A new collection of works by Jean Genet, one of the twentieth century’s most influential writers, including the first translation of one of his most important works.
Criminal Child offers the first English translation of a key early work by Jean Genet. In 1949, in the midst of a national debate about improving the French reform-school system, a French radio station commissioned Genet to write about his experience as a juvenile delinquent. He sent back a piece about his youth that was a paean to prison instead of the expected horrifying exposé. Revisiting the cruel hazing rituals that had accompanied his incarceration, relishing the special argot spoken behind bars, Genet wondered if regulating that strange other world wouldn’t simply prevent future children from discovering their essentially criminal nature in the way that he had. The radio station chose not to broadcast Genet’s views. “Criminal Child” appears here with a selection of Genet’s finest essays, including his celebrated piece on the art of Alberto Giacometti.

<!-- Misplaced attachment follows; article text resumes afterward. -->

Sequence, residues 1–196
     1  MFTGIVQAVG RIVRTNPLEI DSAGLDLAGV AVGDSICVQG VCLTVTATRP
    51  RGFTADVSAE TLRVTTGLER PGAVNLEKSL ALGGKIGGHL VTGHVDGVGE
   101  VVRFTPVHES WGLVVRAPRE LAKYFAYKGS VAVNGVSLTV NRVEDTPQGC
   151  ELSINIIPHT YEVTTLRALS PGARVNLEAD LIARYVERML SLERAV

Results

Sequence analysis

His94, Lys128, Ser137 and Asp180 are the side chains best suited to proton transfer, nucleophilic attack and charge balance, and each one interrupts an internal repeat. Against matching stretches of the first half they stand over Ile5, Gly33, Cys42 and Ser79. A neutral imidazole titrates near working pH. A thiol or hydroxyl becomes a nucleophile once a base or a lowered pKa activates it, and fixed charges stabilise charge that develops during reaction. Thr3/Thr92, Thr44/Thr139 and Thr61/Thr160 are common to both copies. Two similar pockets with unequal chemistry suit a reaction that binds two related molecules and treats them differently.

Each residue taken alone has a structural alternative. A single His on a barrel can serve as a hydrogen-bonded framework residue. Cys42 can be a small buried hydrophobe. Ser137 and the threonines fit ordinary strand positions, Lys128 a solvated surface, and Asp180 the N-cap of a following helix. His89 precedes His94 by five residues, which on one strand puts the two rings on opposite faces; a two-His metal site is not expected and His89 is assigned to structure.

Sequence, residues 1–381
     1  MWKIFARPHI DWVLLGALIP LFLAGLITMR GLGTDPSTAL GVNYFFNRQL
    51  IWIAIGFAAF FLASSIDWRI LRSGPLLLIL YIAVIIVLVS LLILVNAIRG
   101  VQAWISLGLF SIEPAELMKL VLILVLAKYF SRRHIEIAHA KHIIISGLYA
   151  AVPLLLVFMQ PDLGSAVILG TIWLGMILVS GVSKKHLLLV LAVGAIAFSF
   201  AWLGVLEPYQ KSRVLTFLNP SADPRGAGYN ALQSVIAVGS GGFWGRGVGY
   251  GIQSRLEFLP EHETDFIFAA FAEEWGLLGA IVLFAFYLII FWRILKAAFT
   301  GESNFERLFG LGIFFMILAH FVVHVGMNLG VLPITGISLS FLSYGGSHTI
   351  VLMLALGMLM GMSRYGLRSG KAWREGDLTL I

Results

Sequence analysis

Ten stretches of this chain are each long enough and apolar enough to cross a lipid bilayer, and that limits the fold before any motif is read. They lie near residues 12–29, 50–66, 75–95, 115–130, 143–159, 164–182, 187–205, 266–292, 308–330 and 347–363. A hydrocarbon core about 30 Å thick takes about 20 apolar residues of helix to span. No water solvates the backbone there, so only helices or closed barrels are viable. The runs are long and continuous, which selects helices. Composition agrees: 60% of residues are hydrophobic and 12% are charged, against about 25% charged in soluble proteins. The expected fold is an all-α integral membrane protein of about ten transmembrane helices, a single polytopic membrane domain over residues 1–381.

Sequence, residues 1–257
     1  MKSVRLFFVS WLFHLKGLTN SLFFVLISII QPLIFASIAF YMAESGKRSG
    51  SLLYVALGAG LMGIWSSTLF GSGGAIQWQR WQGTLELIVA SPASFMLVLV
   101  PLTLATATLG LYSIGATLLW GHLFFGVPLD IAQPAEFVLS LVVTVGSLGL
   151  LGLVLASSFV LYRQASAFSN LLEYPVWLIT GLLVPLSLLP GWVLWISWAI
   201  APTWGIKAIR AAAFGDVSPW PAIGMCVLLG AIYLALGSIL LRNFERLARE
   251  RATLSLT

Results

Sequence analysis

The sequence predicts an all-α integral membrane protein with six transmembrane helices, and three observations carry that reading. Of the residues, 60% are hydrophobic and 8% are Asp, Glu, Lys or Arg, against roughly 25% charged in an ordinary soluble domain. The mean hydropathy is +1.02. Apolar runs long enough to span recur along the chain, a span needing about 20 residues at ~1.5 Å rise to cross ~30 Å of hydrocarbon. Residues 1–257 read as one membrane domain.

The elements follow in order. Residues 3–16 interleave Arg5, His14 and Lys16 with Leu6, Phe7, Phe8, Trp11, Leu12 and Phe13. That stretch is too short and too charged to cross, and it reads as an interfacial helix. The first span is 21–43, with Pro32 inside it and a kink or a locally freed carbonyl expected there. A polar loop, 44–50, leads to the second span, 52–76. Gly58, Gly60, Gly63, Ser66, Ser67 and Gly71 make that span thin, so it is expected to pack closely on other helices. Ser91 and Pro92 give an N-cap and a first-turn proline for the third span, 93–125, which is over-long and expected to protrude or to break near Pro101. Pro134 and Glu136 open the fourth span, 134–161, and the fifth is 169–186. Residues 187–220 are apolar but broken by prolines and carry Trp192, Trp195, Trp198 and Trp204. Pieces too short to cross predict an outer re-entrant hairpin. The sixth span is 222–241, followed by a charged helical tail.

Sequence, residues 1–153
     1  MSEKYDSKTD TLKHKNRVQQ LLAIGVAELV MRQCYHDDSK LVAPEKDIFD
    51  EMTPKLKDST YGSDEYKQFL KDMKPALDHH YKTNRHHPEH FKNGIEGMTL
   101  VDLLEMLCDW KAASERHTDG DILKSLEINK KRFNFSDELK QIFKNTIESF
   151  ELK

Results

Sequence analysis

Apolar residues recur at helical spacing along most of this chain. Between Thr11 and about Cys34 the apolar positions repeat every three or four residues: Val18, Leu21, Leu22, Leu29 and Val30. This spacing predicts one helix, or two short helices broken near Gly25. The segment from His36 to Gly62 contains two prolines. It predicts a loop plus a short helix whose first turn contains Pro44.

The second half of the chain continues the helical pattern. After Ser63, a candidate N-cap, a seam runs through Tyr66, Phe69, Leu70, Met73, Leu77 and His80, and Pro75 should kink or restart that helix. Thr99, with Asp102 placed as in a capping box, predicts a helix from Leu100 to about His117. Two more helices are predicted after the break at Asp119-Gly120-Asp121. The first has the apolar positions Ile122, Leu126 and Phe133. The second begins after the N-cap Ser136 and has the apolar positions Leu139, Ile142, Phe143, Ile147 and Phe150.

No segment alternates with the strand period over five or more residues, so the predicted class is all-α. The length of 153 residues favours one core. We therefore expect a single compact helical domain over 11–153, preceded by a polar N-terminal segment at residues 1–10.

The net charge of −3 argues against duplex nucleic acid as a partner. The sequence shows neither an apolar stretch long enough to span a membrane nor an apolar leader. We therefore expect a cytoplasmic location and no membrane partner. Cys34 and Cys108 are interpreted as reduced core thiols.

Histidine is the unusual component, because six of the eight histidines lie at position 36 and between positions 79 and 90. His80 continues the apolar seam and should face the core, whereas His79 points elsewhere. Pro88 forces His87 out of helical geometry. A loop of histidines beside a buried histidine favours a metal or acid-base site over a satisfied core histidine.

Gary Mundy is the founding member of Ramleh, and ran the legendary label Broken Flag. In this frank memoir, Mundy examines themes of alienation, depression, artistic practice and what it means to [...]
Judith Butler – Precarious Life: The Powers of Mourning and Violence
Responding to the US’s perpetual war, Butler explores how mourning could inspire solidarity In her most impassioned and personal book to date, Judith Butler responds in this profound appraisal of [...]
Alex Binnie’s ‘Scum’ is a cri de coeur against the hostile indifference of the universe and the absolute tyranny of body and mind. Originally written to be read aloud at punk poetry events Binnie [...]